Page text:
Is it possible for me to get alimony?

UPDATED: Oct 1, 2022

Advertiser Disclosure

It’s all about you. We want to help you make the right legal decisions.

We strive to help you make confident insurance and legal decisions. Finding trusted and reliable insurance quotes and legal advice should be easy. This doesn’t influence our content. Our opinions are our own.

UPDATED: Oct 1, 2022Fact Checked

Get Legal Help Today

Compare Quotes From Top Companies and Save

secured lock Secured with SHA-256 Encryption

Is it possible for me to get alimony?

My wife and I are divorcing after a year and a half of marriage. She was the sole provider. No kids or property. We moved locations for her career from Florida to Texas. I shut down a business I owned in Florida to make this move possible. I kept up with all chores around the rental house to include cleaning, yard maintenance, cooking, caring for our dogs and repairs.

Asked on August 7, 2018 under Family Law, Texas


SJZ, Member, New York Bar / FreeAdvice Contributing Attorney

Answered 4 years ago | Contributor

For a definitive answer, consult with a family or divorce law attorney who can review the specifics of your situation and marriage in detail, since every such case is decided on its own unique facts. That said, the breadwinning spouse--the one who provided most or all support to the couple or family--will generally be required to pay spousal support or alimony to the spouse who was supported, especialy if the non-working spouse left work at the request of or for the benefit of the breadwinning spouse. Because of how short the marriage was, it's possible the support will only be temporary (for a few years). You are also entitled to a share of the marital property (assets and money acquired during marriage).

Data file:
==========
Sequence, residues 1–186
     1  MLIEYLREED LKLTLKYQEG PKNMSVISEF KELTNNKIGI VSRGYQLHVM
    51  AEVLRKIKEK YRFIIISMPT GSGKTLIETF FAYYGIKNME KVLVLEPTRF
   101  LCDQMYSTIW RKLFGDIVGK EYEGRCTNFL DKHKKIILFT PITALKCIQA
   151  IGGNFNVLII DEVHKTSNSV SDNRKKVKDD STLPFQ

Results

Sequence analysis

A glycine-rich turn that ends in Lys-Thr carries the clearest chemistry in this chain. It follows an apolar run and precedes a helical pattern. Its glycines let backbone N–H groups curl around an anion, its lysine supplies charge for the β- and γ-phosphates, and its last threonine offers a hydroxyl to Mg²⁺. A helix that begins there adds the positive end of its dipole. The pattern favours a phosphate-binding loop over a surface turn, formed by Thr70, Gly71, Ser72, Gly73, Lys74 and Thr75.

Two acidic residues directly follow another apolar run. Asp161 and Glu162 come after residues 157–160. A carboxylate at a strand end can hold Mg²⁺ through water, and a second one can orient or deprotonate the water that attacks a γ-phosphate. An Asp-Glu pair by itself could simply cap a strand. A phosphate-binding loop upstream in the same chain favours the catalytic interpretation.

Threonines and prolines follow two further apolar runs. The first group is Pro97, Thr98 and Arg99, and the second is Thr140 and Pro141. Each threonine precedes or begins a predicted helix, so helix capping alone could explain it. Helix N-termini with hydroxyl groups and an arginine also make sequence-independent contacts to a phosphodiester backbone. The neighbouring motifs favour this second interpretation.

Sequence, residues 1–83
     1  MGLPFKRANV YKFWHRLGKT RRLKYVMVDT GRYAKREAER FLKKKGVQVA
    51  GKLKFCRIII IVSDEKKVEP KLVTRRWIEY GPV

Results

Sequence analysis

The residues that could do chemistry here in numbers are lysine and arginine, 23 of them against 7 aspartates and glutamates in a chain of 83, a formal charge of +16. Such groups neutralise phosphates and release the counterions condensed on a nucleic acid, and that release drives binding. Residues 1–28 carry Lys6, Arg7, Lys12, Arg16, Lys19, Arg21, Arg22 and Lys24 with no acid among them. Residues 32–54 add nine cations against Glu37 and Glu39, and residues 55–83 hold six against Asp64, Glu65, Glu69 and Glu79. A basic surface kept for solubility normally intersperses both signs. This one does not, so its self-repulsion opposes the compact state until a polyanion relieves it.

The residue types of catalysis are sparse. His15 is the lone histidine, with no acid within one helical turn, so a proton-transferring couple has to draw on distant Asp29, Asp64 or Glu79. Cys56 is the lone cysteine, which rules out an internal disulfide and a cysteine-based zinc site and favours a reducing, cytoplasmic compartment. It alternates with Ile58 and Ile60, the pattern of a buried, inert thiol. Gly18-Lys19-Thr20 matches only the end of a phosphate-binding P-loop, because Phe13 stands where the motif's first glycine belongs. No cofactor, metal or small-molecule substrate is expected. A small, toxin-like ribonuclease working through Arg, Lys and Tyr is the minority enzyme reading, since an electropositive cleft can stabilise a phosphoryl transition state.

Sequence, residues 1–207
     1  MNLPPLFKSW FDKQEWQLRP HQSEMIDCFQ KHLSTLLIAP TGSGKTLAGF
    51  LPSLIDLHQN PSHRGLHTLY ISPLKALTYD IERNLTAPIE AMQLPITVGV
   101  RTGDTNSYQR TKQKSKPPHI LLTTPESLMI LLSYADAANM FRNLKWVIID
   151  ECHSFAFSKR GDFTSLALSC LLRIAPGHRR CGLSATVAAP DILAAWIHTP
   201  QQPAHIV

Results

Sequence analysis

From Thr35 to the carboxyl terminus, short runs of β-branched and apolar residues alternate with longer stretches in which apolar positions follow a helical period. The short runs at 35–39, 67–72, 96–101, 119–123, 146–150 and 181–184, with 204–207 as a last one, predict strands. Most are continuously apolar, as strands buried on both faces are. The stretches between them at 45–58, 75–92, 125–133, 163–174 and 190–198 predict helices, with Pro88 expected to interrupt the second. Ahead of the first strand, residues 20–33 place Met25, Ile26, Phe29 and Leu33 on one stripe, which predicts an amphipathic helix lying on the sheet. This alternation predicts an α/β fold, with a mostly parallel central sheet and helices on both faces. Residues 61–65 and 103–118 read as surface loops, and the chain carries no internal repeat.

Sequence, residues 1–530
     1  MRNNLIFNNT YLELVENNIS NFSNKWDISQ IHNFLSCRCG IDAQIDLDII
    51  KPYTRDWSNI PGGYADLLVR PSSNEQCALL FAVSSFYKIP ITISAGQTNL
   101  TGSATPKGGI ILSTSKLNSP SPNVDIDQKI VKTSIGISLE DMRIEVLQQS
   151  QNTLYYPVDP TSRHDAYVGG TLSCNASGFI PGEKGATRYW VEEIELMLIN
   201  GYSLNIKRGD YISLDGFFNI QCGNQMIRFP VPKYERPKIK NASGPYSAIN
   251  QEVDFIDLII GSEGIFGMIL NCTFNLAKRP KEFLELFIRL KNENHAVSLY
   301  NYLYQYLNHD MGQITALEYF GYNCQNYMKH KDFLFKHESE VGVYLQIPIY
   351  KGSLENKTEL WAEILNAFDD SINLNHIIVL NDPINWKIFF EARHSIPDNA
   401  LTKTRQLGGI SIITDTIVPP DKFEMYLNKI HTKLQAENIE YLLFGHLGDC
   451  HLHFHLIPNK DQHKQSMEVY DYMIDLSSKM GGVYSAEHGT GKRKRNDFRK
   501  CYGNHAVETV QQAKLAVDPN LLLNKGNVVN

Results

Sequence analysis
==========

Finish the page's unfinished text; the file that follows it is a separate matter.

IMPORTANT NOTICE: The Answer(s) provided above are for general information only. The attorney providing the answer was not serving as the attorney for the person submitting the question or in any attorney-client relationship with such person. Laws may vary from state to state, and sometimes change. Tiny variations in the facts, or a fact not set forth in a question, often can change a legal outcome or an attorney's conclusion. Although has verified the attorney was admitted to practice law in at least one jurisdiction, he or she may not be authorized to practice law in the jurisdiction referred to in the question, nor is he or she necessarily experienced in the area of the law involved. Unlike the information in the Answer(s) above, upon which you should NOT rely, for personal advice you can rely upon we suggest you retain an attorney to represent you.

Get Legal Help Today

Find the right lawyer for your legal issue.

secured lock Secured with SHA-256 Encryption